Article by: Mustapha Jamal
Another one off the bucket list. Thank you, Tennis Canada officiating! For me the Australian Open 2018 or AO as it is called, was truly an experience of a lifetime.
The camaraderie between the officials reminded me of the officials here is Canada. In fact, the city of Melbourne topographically bears an uncanny resemblance to Toronto, Ontario. The big difference though, for someone who is a sucker for hot weather, summer… in January.
The ‘Happy Slam’ truly is such. I couldn’t count on two hands the amount of times I heard, “no worries mate” or “you’re alright”. They take great pride and ownership in being the ‘Happy Slam’ and any complaining is frowned upon.
All of the above truly made the AO of the most relaxing tournaments I have ever been to. From personal experience at the AO, I have gathered that staying relaxed off the courts translates to success on the court as well. This allowed me to have confidence in my technique and focus on creating the best possible image of myself on the court.
If anyone gets a chance to visit or work the AO, the best advice I can give is, observe everything around you, not just the line umpires. Watch the chair umpires, the chief of officials, the assistant chiefs, the ball kids, the grounds staff, and all the administrative staff. There is something to learn from each one of them that will undoubtedly make us better officials, maybe not directly or immediately, but eventually and undoubtedly.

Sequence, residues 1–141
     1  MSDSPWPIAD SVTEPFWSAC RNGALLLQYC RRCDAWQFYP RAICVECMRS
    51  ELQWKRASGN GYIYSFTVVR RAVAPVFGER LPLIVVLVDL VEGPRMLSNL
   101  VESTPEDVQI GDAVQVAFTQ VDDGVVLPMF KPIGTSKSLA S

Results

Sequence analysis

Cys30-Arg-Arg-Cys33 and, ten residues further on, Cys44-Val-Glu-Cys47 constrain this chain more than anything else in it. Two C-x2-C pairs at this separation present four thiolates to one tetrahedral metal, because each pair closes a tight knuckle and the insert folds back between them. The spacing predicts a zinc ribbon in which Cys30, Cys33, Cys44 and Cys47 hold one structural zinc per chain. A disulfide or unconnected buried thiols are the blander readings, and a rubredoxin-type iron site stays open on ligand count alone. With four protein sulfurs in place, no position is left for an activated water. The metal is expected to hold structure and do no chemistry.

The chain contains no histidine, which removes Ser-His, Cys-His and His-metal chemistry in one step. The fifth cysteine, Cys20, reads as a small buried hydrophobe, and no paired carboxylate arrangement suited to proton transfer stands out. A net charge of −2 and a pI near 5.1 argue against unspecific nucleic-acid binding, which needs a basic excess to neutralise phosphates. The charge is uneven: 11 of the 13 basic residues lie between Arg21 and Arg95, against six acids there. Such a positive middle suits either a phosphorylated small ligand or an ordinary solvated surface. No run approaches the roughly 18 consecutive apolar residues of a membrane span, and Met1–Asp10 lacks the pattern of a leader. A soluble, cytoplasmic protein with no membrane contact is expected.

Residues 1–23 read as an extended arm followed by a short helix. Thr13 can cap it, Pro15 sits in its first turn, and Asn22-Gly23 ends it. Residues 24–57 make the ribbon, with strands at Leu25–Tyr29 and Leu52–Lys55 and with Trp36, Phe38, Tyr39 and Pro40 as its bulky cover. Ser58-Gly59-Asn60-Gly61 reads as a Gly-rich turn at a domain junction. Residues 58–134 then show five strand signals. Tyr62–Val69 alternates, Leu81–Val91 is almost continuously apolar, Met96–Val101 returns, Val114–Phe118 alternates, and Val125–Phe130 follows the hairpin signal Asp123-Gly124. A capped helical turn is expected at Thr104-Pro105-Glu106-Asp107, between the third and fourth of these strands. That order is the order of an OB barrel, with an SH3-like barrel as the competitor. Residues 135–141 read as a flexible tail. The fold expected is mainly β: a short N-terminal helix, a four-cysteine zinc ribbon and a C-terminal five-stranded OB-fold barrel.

The stadiums, the spectators and the players are some of the perks of working at a major tournament like the AO but it doesn’t end there. The uniforms, the food and especially the accommodation are also exceptional and exceptionally organized. The AO is one of the few if not the only series of tournaments where the rooms are essentially studio apartments with all the amenities of a fully functioning residence complimented by the services of a hotel. I chose the residence along dock as my choice for accommodation and it was amazing.
Everything aside, the most important thing about travelling to these tournaments, for me, is to make friends because as my tournament journey comes to an end I know that I will see these people again, somewhere around the world at some other tournament, in some other country. This way there is a little bit of home wherever I travel.
I am unbelievably grateful for the opportunity I have received to be happy and to live my dream at the AO to be the representative of Canadian officiating. It is an honour that will never be dismissed.